The California Department of Insurance recently accepted a petition that would change how automobile insurance rates are set in California. The petition, proposed by consumer groups, would restrict the importance that insurance companies could give to a driver’s ZIP code—or territorial data—when underwriting and rating auto insurance.
Department officials will schedule a time to hear arguments from both insurers and consumer groups on amending existing regulations on private passenger automobile insurance rating factors. A public hearing for comments will likely follow. No meetings or hearings have been scheduled at this time.
“Given the challenges facing the California Department of Insurance today, the Association of California Insurance Companies (ACIC) questions the need for more hearings on amendments to the current regulations on automobile rating factors,” said ACIC president Sam Sorich. “The current regulations have achieved a level of balance and fairness that should be preserved. At the end of the day, fairness demands that factors related to territory must be given significant weight.”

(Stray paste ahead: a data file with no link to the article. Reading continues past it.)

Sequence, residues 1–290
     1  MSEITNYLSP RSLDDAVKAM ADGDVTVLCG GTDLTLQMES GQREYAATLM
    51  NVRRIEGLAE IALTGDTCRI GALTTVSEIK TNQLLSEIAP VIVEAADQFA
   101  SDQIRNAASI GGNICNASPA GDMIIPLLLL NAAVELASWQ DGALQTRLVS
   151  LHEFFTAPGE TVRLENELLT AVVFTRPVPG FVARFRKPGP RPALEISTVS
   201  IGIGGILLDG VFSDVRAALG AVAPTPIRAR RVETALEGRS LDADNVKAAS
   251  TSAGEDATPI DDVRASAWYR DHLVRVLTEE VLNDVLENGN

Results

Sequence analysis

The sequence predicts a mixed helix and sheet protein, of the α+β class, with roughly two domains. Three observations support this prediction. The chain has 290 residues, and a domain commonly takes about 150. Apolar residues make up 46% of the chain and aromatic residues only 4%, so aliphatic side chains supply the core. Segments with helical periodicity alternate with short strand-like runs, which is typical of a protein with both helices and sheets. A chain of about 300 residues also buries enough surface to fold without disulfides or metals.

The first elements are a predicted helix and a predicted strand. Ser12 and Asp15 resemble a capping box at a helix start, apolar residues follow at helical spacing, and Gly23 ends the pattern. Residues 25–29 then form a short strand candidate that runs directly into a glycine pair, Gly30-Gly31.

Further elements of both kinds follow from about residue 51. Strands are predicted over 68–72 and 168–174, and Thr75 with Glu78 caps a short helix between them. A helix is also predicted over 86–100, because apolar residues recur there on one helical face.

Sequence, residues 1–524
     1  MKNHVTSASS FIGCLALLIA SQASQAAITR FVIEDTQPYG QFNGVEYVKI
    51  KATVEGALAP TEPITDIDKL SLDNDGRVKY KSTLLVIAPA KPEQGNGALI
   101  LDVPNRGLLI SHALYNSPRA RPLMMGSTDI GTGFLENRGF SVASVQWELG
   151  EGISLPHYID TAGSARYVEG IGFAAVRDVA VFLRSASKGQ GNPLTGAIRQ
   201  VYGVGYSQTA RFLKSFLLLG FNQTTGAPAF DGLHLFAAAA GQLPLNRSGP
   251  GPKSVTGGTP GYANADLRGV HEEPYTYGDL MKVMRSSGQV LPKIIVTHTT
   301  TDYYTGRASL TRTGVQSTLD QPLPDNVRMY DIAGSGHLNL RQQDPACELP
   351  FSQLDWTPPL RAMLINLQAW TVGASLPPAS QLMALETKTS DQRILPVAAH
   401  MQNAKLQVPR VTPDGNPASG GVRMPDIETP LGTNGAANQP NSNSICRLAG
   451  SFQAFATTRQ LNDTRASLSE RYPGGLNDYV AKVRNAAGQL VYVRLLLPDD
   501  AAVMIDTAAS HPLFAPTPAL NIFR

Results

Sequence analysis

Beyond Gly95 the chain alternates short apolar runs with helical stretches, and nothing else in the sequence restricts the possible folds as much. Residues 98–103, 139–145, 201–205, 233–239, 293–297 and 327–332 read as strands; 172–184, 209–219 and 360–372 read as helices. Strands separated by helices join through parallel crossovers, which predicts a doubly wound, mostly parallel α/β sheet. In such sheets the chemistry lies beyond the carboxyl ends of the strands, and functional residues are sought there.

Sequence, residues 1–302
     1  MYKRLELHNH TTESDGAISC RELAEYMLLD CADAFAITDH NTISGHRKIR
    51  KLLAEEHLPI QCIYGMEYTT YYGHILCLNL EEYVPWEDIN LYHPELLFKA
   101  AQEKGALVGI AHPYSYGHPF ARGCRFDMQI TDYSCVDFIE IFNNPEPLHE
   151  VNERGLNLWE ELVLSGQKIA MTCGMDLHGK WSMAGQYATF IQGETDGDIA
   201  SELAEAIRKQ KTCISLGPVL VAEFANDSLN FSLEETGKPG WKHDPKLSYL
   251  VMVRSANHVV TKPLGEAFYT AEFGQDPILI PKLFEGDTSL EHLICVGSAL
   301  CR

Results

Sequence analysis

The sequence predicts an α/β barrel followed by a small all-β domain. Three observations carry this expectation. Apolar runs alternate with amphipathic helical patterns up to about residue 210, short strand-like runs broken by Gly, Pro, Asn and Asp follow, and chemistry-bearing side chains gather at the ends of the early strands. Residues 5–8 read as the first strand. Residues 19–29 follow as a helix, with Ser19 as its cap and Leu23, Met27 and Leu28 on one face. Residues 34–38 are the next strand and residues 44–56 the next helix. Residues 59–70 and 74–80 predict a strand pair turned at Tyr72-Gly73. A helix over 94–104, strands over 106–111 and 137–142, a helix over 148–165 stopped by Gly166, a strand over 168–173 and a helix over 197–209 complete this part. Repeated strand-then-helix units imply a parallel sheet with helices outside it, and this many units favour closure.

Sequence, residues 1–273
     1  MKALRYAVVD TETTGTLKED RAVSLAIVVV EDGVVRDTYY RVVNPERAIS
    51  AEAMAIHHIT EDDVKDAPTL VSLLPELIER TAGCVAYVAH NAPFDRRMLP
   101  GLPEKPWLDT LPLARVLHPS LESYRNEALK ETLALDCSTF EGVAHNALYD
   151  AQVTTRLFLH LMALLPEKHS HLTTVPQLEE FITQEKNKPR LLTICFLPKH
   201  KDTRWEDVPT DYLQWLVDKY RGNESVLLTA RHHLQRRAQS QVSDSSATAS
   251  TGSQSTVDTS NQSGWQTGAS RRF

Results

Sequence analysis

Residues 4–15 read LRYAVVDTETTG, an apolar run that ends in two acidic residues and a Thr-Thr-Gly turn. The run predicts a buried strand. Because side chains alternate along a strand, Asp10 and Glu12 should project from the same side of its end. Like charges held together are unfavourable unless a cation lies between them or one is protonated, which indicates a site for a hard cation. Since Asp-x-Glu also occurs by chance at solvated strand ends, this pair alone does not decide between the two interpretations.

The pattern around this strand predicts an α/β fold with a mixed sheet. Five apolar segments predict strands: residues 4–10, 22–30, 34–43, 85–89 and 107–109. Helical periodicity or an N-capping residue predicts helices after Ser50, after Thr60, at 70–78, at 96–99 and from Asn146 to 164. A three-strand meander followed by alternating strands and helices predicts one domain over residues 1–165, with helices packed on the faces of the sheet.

Proposition 103 mandates that insurers use driving records, miles driven and years of driving experience to determine rates. It also allows other “optional” factors that are approved by the insurance commissioner. Territory data are among the optional factors currently permitted.
On May 29, the Consumers Union, the cities of Los Angeles, San Francisco and Oakland, and other organizations filed a petition to the Department of Insurance in an attempt to restrict insurers’ use of territory data in underwriting and rating policies.
The California Court of Appeal ruled in 2000 that “unrefuted evidence establishes that territory is a more important determinant of risk of loss than any other single factor,” Sorich noted.
“The proposals put forward in the petition to the Department ignore this reality,” Sorich said.
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